What Is Beauty?

Sunday of this week I received a phone call from the States, my colleague Sharon was watching Black Girls Rock and was asking if I was doing the same via Sky.  I checked my Sky Plus box and realised the show wasn’t going to be aired until Tuesday, so I set it up.

Black Girls Rock is a celebration of women of colour regardless of their origin, who have achieved, regardless of their profession or passion.  I thoroughly enjoyed it and was overwhelmed at the acknowledgement of women from Patti LaBelle to Jennifer Hudson to Marsha Ambrosius to Janelle Monae to Serena Williams, it was just brilliant to watch.

I also felt from an emotional point of view that the programme was giving empowerment to young girls who could not only see that they could achieve because of the women on the show, but they could also watch a sea of women whose images they could identify with which isn’t a regular occurrence on TV. So it was thumbs up from me all the way.  And well done to Beverly Bond, the founder.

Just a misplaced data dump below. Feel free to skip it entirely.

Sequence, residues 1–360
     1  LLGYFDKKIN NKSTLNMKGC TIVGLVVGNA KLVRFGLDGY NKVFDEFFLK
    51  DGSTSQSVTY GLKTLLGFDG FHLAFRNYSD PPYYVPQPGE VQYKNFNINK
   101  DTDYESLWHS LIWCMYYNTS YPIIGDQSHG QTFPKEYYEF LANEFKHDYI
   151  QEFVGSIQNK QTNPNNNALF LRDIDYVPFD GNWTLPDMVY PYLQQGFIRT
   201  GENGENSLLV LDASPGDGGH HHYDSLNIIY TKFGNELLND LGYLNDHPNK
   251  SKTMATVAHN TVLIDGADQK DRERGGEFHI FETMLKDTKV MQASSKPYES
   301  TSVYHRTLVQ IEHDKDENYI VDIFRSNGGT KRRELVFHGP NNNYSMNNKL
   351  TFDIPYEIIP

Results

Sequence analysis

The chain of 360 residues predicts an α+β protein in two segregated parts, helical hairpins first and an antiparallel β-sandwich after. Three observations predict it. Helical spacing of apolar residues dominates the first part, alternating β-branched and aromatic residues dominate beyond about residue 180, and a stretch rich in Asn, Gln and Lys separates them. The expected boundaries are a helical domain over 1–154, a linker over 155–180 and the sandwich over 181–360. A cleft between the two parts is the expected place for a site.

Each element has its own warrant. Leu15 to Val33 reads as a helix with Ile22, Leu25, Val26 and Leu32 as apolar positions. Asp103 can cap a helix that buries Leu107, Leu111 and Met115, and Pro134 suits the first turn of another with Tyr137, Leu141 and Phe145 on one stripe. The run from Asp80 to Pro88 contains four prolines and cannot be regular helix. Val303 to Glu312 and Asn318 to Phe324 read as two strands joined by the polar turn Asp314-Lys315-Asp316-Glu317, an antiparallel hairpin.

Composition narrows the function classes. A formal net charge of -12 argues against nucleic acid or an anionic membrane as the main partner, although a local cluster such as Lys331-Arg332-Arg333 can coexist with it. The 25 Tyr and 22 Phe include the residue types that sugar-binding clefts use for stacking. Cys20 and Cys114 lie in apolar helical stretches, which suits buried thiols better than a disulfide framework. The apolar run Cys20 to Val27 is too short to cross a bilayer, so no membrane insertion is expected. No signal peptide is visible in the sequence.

Not such a positive outcome in the States, however, when #BlackGirlsRock started trending on Twitter and it was met with some backlash stating that it was racist and users starting tweeting #WhiteGirlsRock – I couldn’t believe it.

Olivia Cole

Enter Olivia Cole the Huffington Post blogger.

Olivia, who is white, took a look at the lack of diversity in all forms of media and wrote a brilliant article encouraging the users of #WhiteGirlsRock to take an honest look at the situation.  She mentions that if you Google “beautiful people” or “beauty” the screen is covered in white faces, giving young black girls and boys the impression that they have no claim to the word “beauty”.  I Googled “black beauty” went to images and it was a horse!

Do read Olivia Cole’s article about the whole beauty issue and why Black Girls Rock was a positive programme, you won’t be disappointed.

My question is closing: What is your interpretation of beauty?